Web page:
When the economy starts to slow down and consumers cut back on spending, one of the first things to suffer is the entertainment budget. This can happen locally, from eating out or watching films out to a broader radius — involving travel.
Traditional travel destinations like Orlando and Las Vegas feel the heat worst. So much of their local economy is based on tourists visiting, spending and investing in their economy that the effects of a market downturn are pronounced.
Subtly, I saw these effects first hand as a recent visitor to Las Vegas: high end clubs that were empty late into the night, low wager tables in the nicest casinos on the strip and long taxi lines waiting to pick up stray passers by.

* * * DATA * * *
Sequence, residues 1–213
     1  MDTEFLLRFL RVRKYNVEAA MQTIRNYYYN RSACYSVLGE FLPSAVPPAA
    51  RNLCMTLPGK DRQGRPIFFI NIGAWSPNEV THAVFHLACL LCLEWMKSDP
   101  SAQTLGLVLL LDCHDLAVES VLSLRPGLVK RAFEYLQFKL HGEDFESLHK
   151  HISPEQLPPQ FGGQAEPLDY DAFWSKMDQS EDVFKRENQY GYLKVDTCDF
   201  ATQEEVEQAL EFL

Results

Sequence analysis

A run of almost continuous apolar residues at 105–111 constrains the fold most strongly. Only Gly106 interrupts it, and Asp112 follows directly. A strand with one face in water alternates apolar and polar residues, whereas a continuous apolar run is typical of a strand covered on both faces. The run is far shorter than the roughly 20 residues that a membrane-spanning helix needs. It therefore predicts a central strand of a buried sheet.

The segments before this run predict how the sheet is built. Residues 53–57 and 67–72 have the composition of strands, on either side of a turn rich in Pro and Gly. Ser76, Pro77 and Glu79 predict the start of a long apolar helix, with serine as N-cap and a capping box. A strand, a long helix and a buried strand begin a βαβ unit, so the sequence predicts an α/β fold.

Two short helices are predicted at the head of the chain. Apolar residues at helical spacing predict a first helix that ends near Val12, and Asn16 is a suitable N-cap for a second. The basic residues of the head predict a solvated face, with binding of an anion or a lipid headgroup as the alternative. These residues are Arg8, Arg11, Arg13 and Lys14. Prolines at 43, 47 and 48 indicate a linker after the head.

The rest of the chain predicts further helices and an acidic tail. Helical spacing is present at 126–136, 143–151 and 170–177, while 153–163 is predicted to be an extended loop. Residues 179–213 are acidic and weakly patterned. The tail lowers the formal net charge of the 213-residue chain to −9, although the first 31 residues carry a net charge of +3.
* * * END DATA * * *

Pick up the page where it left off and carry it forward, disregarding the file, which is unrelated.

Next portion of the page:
On my way out of town I hailed a cab at the front of the Palms under the hot, late summer heat. Driving down Tropicana on the way to McCarran airport I asked the driver how business was.
“Slow,” he told me. Over the course of the year, more hotel rooms had progressively gone unbooked, tables been deserted and taxis roamed the streets empty, searching for fares. This was the last year driving for this cabbie. He told me at the end of the next season he was leaving the city where he had spent the last twenty years to head for greener pastures in Portland.
As we pulled into the terminal, he pointed over at “the pit,” the loading zone through which cabs filter into the airport. The line stretched back through the gates, around the corner and out of sight. Like that queue, the Las Vegas economy has a long hard road ahead.